The Beautiful Ones Are Not Yet Born is the debut novel that is catapulted by the Ghanaian writer Ayei Kwei Armah into the limelight. The novel is generally a satirical attack on the Ghanaian society during Kwame Nkrumah’s regime and the period immediately after independence in the 1960s. It is often claimed to rank with “Things Fall Apart” as one of the high points of post-colonial African Literature. The Beautiful Ones Are Not Yet Born was published in 1968 by Houghton Mifflin, and then republished in the influential Heinemann African Writers Series in 1969. The novel tells the story of a nameless man who struggles to reconcile himself with the reality of post-independence Ghana. He is a railway freight clerk that attempts to hold out against the pressures that impel him toward corruption in both his family and his country.
Background of the Author/Work
Ayei Kwei Armah was born in Takoradi, Ghana, in 1939 and was educated at Achimota High School, Groton School and Harvard University. He has worked as translator, editor, television script-writer and lecturer at the National University of Lesotho. His published novels which includes: Fragments, Why are we so Blessed,Two Thousand Seasons, The Healers and The Beautiful Ones Are Not Yet Born.
The protagonist is an unnamed railway freight clerk. He is portrayed as a lone ranger in his stance against corruption. He faces intense pressures to compromise his self-entrenched value system. The uncelebrated hero lives like a stranger in his own home where even his good natured wife, described as, ‘ a very polite woman…’(p.55) makes him ‘feel like a criminal …’ for failing to do what everyone else does in order to get enough money for their upkeep (P.54). His wife calls him, ‘the Chichidodo’. That is, a bird that feeds on maggots, but hates the excreta, which produces the worms. As he weighs her words, he develops low self-esteem and occasionally seeks succour from Teacher, the only man that seems to understand him. Sometimes, he is bogged down in self-pity, as he wonders at his pathetic condition and berates himself for being a mediocre. The hero is openly despised for his uncompromising stance against corruption. The writer presents him as a nonentity without a name. The villain, Joseph Koomson, his former classmate, has accolades such as ‘His Excellency,’ ‘the Minister,’ ‘Brother Joe’ and so on. The protagonist is a queer character. His personal philosophy appears inexplicable, but can be deduced from the maxims he keenly identifies with such as the lyrics of the song on page 51:
Let them go.
I will travel slowly,
And I too will arrive.
However, the hero doubts the possibility of his arrival as he weighs the odds against him. Another such maxim is the one that forms the title of the novel, The Beautiful Ones Are Not Yet Born which is drawn from an inscription on a vehicle. He feels alienated from the society as others consider his convictions quixotic. His wife, Oyo, merely tolerates him, but idolizes his rich friend, the corrupt politician, Koomson. The mother-in-law taunts him for failing to cater for his family like a ‘proper man’. She makes a caricature of him, as a dismal failure. Teacher, the only man that seems to understand him lives a cocooned life, refusing to venture out of his shell into the decadent society. Despite his obvious intelligence and uncanny ability to discern situations, the protagonist resigns to fate, accepting defeat.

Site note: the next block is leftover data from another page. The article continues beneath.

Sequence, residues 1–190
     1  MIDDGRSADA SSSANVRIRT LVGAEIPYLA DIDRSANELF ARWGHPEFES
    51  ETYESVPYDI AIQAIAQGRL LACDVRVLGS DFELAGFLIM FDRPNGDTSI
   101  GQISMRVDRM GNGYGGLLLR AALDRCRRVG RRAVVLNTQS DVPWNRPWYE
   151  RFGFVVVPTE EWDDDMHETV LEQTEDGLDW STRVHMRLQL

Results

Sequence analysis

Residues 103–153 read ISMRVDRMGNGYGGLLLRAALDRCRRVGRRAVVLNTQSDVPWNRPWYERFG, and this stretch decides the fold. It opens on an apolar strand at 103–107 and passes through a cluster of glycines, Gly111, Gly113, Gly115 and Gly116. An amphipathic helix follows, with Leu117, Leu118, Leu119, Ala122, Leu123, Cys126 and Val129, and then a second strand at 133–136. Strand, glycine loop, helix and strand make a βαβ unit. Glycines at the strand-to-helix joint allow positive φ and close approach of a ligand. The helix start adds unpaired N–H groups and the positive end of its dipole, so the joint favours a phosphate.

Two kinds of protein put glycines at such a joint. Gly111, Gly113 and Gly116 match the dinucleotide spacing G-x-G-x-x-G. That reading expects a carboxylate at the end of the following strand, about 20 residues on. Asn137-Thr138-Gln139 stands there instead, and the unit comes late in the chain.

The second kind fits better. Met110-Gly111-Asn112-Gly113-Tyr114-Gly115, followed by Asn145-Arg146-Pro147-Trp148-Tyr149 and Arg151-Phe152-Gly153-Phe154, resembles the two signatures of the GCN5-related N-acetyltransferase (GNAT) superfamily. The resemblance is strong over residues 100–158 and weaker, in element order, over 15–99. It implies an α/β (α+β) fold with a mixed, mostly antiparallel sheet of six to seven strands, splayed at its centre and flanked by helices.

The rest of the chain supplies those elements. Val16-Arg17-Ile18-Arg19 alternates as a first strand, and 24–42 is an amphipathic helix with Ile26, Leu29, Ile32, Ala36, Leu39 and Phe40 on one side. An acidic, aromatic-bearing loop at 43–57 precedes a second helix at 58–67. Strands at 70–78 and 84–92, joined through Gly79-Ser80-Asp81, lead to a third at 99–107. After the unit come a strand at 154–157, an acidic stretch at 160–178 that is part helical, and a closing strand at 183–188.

The characters includes:
The man, deliberately given the generality of anonymity, a clerk who works for the nationalized railway system in Ghana. He and his wife, Oyo, and their children live in comparative poverty because of the man’s unflinching determination not to accept bribes but to live on his inadequate salary in a society that finds such behavior incomprehensible. In spite of the temptations that come to him from every side, the constant nagging of his bitter wife, and his own awareness of the hardships his honesty imposes upon his children, he maintains his unalterable moral stance. His determination is in some measure justified when a coup destroys the regime and the corrupt are arrested, but as he begins to rejoice in the vigorous national purge of corruption, he witnesses the same old crookedness immediately reactivated. the man represents, to an exaggerated degree, an idealized portrait of a truly noble man in a degraded society.The man represents the honest members of society in Ghana. Armah uses him as the main character to depict what the life of the ordinary Ghanaian citizen looked like. The man has a meagre job as a clerk and struggles to feed his wife, Oyo, and his children. Despite being tempted by numerous people—including his politician friend, Koomson—to take bribes and enrich himself quickly, he refuses to be tainted.
Oyo, the man’s wife. She has no sympathy for her husband’s honesty and all but despises him for it. Indifferent to the principles involved, she can only see how well others are managing as a result of their acquiescence to wrongdoing. She has a deep envy of the successful and yearns for the luxuries that other women enjoy. Only at the end does she commend her husband when she sees the painful consequences of corruption that come when the criminals are arrested.Oyo is the man’s wife and someone that admires wealth, regardless of how it was gained. She represents those poorer Ghanaians who have no problem with corruption or ill-gotten wealth when they consider their current situation. She always blames her husband for her suffering.
Koomson is Nkrumah’s socialist minister and the man’s former classmate. He represents the corrupt and selfish political system. He lives in comfort with his wife, Estella, and forgets about the plight of the poor. He does nothing to benefit society.
The teacher is a middle-aged man full of wisdom who has given up on life and sees no hope for Ghana. He represents the citizens who thought life would change after the colonizers left, only to be disappointed. He is also the man’s friend, and they occasionally discuss Ghana’s political situation.